The Water is the Source

Devotion for January 10, from The LORD Will Answer (2004, CPH):

Happy is our sacrament of water, in that, by washing away the sins of our early blindness, we are set free and admitted into eternal life! A viper of the Cainite* heresy, lately dwelling in this quarter, has carried away a great number with her most venomous doctrine, making it her first sin to destroy Baptism. This is quite in accordance with nature. For vipers and asps and basilisks themselves generally do prefer arid and waterless places. But we, little fishes, after the example of our ICHTHUS** Jesus Christ, are born in water, nor have we safety in any other way than by permanently abiding in water. So that most monstrous creature, who had no right to teach even sound doctrine, knew full well how to kill the little fishes, by taking them away from the water!

–Tertullian of Carthage, c. 160-225


Psalm 43:1-3 (KJV): Judge me, O God, and plead my cause against an ungodly nation: O deliver me from the deceitful and unjust man. For thou art the God of my strength: why dost thou cast me off? why go I mourning because of the oppression of the enemy? O send out thy light and thy truth: let them lead me; let them bring me unto thy holy hill, and to thy tabernacles.

And as a bonus, the rest of the Psalm

Then will I go unto the altar of God, unto God my exceeding joy: yea, upon the harp will I praise thee, O God my God.
Why art thou cast down, O my soul? and why art thou disquieted within me? hope in God: for I shall yet praise him, who is the health of my countenance, and my God.

*Cainites were a small “Gnostic” group in early Christianity.

**ICHTHUS is an acronym for “Jesus Christ, Son of God, Savior” from the original Greek. “ichthus”, or “ichthys” is also the Koine Greek word for “fish.”


Prepare the Way! Come, Lord Jesus

Our sermon text at my Field Ed church this past Sunday, the First Sunday in Advent 2013 (Series A in the 3 year LCMS lectionary), was Revelation 22:20.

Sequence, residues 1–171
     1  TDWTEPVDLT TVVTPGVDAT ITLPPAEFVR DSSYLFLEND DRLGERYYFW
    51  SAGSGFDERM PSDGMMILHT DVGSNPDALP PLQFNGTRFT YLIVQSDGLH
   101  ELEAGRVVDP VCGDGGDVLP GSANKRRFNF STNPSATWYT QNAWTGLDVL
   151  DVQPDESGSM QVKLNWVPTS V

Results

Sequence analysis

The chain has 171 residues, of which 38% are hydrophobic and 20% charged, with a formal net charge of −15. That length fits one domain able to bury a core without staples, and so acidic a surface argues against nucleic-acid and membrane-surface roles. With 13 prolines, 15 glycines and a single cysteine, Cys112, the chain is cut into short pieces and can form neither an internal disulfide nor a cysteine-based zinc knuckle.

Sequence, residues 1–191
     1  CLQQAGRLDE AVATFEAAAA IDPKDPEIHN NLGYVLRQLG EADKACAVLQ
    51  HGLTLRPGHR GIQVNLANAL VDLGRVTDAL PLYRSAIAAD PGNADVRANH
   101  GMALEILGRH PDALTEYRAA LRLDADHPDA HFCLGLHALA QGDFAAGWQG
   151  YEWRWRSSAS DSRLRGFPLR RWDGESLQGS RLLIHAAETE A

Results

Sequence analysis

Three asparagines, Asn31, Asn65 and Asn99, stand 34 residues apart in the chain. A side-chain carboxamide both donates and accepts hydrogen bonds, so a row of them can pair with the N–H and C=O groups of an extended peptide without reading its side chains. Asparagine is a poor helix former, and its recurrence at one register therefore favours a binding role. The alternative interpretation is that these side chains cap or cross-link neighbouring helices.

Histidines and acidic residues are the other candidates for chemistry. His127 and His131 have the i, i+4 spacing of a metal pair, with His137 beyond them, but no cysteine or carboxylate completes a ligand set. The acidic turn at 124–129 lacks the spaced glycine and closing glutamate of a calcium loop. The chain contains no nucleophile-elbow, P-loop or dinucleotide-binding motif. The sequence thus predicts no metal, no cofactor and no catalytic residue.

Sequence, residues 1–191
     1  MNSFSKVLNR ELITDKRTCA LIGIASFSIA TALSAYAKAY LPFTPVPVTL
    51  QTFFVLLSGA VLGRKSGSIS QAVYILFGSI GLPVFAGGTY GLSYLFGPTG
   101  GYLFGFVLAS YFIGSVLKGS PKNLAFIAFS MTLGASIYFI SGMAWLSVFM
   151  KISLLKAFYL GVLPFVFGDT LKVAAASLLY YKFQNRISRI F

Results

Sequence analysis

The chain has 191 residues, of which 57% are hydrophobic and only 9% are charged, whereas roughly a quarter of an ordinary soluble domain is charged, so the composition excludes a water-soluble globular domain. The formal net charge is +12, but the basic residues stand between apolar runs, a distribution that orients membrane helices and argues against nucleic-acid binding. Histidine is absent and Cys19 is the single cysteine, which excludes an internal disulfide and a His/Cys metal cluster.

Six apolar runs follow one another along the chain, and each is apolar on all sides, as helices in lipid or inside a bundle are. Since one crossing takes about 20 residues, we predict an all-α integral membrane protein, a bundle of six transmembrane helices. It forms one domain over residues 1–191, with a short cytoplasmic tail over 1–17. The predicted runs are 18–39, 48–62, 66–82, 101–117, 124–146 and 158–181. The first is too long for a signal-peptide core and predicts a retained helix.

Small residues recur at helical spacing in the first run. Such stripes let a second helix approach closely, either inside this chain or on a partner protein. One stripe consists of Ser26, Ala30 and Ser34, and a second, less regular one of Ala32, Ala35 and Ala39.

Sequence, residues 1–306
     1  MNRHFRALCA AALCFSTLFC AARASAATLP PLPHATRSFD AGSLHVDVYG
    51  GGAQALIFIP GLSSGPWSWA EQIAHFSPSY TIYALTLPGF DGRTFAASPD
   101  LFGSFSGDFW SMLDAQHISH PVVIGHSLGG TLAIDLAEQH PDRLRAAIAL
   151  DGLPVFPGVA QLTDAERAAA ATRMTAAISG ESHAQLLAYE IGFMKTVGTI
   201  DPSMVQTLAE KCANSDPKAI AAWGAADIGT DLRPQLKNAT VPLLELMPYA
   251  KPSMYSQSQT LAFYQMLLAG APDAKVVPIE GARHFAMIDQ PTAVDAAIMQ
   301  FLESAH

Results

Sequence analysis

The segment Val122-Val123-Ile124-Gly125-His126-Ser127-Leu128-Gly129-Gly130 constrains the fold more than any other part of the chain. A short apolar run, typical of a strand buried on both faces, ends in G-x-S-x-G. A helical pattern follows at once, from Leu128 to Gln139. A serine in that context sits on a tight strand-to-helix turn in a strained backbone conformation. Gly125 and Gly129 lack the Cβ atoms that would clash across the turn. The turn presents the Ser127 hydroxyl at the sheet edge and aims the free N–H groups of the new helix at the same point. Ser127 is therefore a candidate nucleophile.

I have previously and recently written on this verse regarding the end times; as a refresher here it is (ESV): “He who testifies to these things says, “Surely I am coming soon.” Amen. Come, Lord Jesus!”

The sermon was very good, and is appropriate as an Advent sermon. Advent is supposed to be a time where we prepare our hearts for Christmas and the coming of Jesus. It is a time of penitence and reflection. It is impossible, or rather it should be impossible, to celebrate Christmas and Advent without also recognizing the reason why He had to be born. He was born for us. To save us from our sins while we were still sinners.

And although we look forward to the Second Coming we know that Jesus is still with us today. Matthew 18:20: “For where two or three are gathered in my name there am I among them.”

So one of the points of the sermon was that Christ is with us. And that whenever we pray “Come, Lord Jesus” He is indeed with us. Through all the pain and suffering…that when we ask Jesus to come, we are inviting him to be in our lives, in that muck and grime and into the deep dark recesses of our lives. Those secrets we keep to ourselves, the sin you haven’t told anyone or have maybe just told your confessor…we are inviting Jesus into those parts of our lives. He does and He has. He has borne that sin upon the cross for us and loves us still. Through His sacrifice we know that God the Father will see Christ in us and we shall be saved.

So whether we are talking about preparing for a meal, or a prayer of thanksgiving, or through the tough times of our life, through sin, or in waiting for the Second Coming, “Come, Lord Jesus!”

No one said it would be easy…

Well, people do. But they are wrong. Being a Christian…following the Lord is not an easy calling. It never has been. It never will be.

Today’s Old Testament reading (Proper 29, the last Sunday in the church year and the last one in Year C in the LCMS’s Three Year Lectionary so another end right there) was Malachi 3:13-18. Although the pastor this morning used our Epistle (Colossians 1:13-20) reading as the basis for the bulk of his sermon he toughed on this passage and said something that I think most of us know and and have felt and thought but it seemed new to me.

Malachi 3:14–15 (ESV)
14 You have said, ‘It is vain to serve God. What is the profit of our keeping his charge or of walking as in mourning before the Lord of hosts? 15 And now we call the arrogant blessed. Evildoers not only prosper but they put God to the test and they escape.’ ”  

Every office has one. Every school has one. The person who doesn’t seem to have to work to be successful. I’m sure they do. But they don’t care about success and yet achieve it. It just seems to come so naturally to them; it almost seems effortless. You desire to be successful in your schoolwork or your career, or you desire to be in a relationship, to find the person God has planned for you. And someone you know seems to go from relationship to relationship, and even though that’s not quite what you desire, you are still somewhat envious that they are in relationships when you aren’t. Or in the office…a colleague may not want to be in that job, and you don’t know if they are truly putting forth their full effort, but then they still outperform you. It’s easy to take our eyes off the Lord and look to someone else. Continue Reading